Humble Grad Guide to getting Hard Skills
When I was considering graduate programs last year, I found there to be a dearth of information on what to expect from your graduate school experience and how to make the most of it in the context of my interests in international development, monitoring and evaluation, and social venture capital.
With the majority of my work experience in the private sector, I went to grad school to make a professional transition into the development space. I’ll sidestep the question of the relative merits of hard vs. soft skills, but my emphasis was on hard skills. As a Master in Public Administration candidate at NYU Wagner, I was most excited at the flexibility I would get in choosing my coursework, and most concerned about the degree’s competitiveness in a field where I might be competing against MBAs. While I can’t comment on the latter, I now feel like I can provide some preliminary thoughts on the former.
1) It does help get an internship/job
It’s my personal experience that the “.edu” helps you get call-backs, especially if you’re making a professional transition. It signals committment. If you’re a prospective student, what’s the local market for internships relevant to your career goals? I’ve found it hugely beneficial to work while in school. Do free labor if you can’t get a paid position. Ask questions. Learn as much as you can about what they do and how it differs from what you’re learning. If you’re an M&E person, get their data and offer to analyze it as you work through your advanced quant courses. If you’re looking for international development job advice, talk to Alanna Shaikh. If you’re looking for resume or cover letter help, talk to your Career Services folks!
2) Your hard-skill mileage will vary by your program and your preparedness
Like most other programs, NYU has a number of core courses, e.g., statistics, microeconomics, public policy. If you have taken these classes before, waive them. If you can self-study and pass a waiver exam, do so. You’re paying a lot of money for your credits, make the most of them. If you’re a prospective student, find out what the requirements are and what you can waive. Talk to students about how easy or difficult it is. You can make your own curriculum, but your mileage will vary by program and your preparedness. (NYU Wagner has done well by me!)
3) There are resources outside your program to sharpen your skills
Given my interest in statistics and finance, I’ve taken a number of courses at Steinhardt’s Center for the Promotion of Research Involving Innovative Statistical Methodology (PRIISM) and the Stern business school. Prospective students should know the school’s policy and the student reality in taking courses in other programs. If you’re interested in international development, a course in causal inference, for example, might serve you well, and you may find the coursework in another program.
4) It’s a great opportunity to become a statistical software ninja
If you’re interested in M&E, grad school is a great opportunity to learn the different software (e.g., STATA, SPSS, SAS, R): know their limitations, find professors who can serve as resources beyond school, and find other resources to support your post-grad learning (e.g., www.ats.ucla.edu/). If you’re a prospective student, it’s worth checking out syllabi to see what software you’ll be exposed to in class. You can learn these programs on your own, but you’ll find free resources (including software) at school and useful academic support.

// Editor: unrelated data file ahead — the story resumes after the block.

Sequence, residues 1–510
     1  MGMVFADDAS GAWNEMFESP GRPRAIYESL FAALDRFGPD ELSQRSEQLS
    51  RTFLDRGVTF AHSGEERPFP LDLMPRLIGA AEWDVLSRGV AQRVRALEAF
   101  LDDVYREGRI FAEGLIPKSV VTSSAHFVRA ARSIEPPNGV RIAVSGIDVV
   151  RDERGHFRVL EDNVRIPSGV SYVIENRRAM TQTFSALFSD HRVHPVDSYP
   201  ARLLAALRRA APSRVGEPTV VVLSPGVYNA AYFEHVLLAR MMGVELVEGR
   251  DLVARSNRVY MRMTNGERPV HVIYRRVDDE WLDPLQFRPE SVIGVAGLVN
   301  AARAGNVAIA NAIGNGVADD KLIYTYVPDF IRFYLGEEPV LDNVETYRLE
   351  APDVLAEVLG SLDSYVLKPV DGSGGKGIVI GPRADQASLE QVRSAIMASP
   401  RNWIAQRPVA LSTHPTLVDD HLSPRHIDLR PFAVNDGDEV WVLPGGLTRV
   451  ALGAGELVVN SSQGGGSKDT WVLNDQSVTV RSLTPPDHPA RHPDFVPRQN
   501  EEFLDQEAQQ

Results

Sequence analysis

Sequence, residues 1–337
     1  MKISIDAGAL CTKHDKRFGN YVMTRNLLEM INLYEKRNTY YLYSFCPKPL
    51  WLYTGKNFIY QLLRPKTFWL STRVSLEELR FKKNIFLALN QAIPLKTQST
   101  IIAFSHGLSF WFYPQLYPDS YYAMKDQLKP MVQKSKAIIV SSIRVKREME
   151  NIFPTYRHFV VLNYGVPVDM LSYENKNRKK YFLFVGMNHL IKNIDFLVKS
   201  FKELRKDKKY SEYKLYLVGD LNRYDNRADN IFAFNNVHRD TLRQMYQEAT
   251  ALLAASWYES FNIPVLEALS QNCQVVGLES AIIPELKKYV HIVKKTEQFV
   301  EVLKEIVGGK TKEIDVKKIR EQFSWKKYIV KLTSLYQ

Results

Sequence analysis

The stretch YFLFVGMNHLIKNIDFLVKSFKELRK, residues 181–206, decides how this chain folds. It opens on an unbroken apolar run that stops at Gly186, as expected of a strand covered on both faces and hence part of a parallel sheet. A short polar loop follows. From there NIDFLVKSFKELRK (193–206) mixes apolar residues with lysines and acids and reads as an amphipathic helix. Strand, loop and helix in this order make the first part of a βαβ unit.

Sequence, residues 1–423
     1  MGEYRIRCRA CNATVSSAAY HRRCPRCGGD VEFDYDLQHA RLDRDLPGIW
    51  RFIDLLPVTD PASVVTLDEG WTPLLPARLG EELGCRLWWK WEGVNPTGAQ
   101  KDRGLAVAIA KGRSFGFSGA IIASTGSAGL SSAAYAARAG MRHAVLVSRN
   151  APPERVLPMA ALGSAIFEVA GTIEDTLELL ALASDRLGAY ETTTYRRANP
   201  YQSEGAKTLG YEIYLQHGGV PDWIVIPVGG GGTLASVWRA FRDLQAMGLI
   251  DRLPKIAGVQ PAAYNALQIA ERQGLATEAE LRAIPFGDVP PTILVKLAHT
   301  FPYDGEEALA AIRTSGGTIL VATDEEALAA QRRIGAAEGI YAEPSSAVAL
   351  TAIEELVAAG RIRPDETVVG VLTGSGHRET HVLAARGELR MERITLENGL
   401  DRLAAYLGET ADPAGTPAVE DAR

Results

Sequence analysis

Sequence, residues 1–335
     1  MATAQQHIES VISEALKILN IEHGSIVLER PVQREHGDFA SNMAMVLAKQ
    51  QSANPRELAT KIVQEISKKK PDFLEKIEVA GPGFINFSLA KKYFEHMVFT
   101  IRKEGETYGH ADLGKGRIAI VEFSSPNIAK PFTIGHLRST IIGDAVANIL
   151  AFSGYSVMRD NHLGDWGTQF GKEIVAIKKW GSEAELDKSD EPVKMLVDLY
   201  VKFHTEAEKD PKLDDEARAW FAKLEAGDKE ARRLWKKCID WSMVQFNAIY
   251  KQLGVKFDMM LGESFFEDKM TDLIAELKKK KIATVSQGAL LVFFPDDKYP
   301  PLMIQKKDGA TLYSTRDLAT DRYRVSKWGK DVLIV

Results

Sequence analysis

5) With or without grad school, become an Excel ninja
The coursework is there to develop Excel expertise, and learn how to validate data, calculate what-if scenarios, goal seek, etc. You’ll probably need to work on your own to learn Visual Basic, for example, but the more you can pack into your time, the better. While my experience is limited, everywhere I’ve worked Excel ninjas have been highly valued. That said, grad school clearly isn’t necessary for this.
6) With or without grad school, do informational interviews
For prospective students, I do think that having an “.edu” e-mail address increases responsiveness, but it’s not necessary. Yes, it’s painful to ask, but do it! Prepare for them. Often the interviewee will happily share information they might not otherwise broadcast about your industry that will deepen your understanding in ways that no coursework nor social enterprise conference nor even internship can. Sadly, it took grad school for me to learn the value of the informational interview.
7) With or without grad school, read the stocks, manage the flows
With all this emphasis on skills, where’s the content? As Dave Algoso suggests, if you’re a prospective or current student planning to learn your field just through course readings, you’re doing it wrong. Identify the relevant stocks of knowledge and work through them. Find a way to filter the large flow of information in a way that you can extract meaningful information without getting too caught up in the daily back-and-forth. If you’re like me, you’re taking method courses rather than content courses, which puts the onus on you to do the content on your own. Twitter, Google Reader, and journals are your best e-friends. Your job and informational interviews should ground this internet intake in reality. Warning: it’s easy to drown in the flows.
This advice won’t be relevant to everyone. (Hopefully useful to some.) However, I think it’s well worth the time of current graduate students (and, preferably, the recently graduated) interested in the field to make an effort to share their experience, so that folks considering making a large investment in their education have an understanding of what value students found in their grad education and what they did not. As far are current resources go, Chris Blattman has some great advice on the MPA/MPA-ID/PhD decision.